The Johns Hopkins University Applied Physics Laboratory is developing packaging for a sensor platform to be embedded in the harsh environment of concrete structures. The sensors will monitor the corrosive environment of the structure over periods of several decades to aid in scheduling maintenance and repair.
The United States has recognized the risks associated with its aging infrastructure and is actively replacing deteriorated/high risk structures as well as simultaneously developing the tools and techniques to monitor new infrastructure as it ages. JHU/APL has reviewed the sensing requirements for infrastructure monitoring, especially bridge decks, and developed a concept based on distributed, embedded sensors. The Wireless, Embedded Sensor Platform (WESP) will implement the concept of a low-cost, customizable sensor platform suitable for long-term field measurements. The WESP is designed to be powered and queried remotely as often as required and can be used to measure the evolution of the corrosive environment over time.
The objective of this research and development is to design, implement, and demonstrate packaging techniques for embedded sensor suites commensurate with a 50-year lifetime when embedded in concrete having a pH greater than 13, and exposed to harsh environments of salt, and mechanical and thermal stress. To meet this objective, the WESP construction will use a commercial ceramic IC package and unique manufacturing and assembly techniques.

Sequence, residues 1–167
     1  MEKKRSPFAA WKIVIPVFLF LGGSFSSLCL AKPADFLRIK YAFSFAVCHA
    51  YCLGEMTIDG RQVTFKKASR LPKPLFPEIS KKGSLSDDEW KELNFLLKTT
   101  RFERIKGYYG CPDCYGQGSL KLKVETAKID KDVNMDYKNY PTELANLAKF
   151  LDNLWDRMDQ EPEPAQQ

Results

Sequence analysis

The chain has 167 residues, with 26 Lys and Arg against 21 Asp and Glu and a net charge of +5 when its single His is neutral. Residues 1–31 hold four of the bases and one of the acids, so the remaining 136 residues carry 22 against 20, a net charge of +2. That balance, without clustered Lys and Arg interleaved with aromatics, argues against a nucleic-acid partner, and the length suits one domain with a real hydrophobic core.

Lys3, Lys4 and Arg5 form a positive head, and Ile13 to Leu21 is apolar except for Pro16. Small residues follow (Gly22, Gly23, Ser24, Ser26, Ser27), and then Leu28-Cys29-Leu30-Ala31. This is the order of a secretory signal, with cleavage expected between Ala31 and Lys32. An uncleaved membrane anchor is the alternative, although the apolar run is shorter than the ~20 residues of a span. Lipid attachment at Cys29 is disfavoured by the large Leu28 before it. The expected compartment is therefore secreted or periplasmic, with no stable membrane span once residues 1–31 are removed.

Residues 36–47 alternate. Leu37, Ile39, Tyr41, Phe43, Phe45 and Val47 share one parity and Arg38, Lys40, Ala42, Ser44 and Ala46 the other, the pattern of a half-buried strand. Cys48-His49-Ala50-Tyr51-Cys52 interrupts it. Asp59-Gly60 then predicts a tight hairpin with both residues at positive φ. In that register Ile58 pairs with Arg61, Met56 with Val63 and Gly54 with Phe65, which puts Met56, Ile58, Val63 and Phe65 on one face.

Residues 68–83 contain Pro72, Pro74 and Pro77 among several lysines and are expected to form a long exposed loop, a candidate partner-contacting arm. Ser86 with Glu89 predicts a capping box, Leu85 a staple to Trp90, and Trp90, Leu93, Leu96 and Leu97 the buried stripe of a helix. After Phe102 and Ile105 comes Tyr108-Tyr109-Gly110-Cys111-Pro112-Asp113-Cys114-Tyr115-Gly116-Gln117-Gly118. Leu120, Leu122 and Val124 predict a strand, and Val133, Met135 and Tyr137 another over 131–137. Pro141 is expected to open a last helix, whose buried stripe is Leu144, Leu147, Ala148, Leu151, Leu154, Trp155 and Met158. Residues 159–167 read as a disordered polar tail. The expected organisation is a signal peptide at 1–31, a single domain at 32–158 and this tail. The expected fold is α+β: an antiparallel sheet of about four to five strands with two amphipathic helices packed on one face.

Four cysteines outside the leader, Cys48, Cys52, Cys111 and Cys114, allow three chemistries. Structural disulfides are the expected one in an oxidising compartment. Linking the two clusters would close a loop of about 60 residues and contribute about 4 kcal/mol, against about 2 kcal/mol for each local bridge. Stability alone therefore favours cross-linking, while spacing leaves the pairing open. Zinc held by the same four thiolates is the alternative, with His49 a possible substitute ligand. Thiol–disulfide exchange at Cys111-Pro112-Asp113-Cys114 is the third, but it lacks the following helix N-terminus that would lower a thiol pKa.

The prototype is expected to provide sensor identification, temperature, pressure, and conductivity data within a package volume less than 2.5 cm3 (0.15 in3). Reliability test results will be reviewed and specialized tests will be performed to evaluate the performance of the packaging design. These include such tests as freeze/thaw cycling, thermal shock, thermal cycling, Highly Accelerated Stress Test (HAST), 85% relative humidity/85°C, and accelerated life testing. Future developments are expected to reduce size and implement additional sensor types to fully characterize the concrete environment.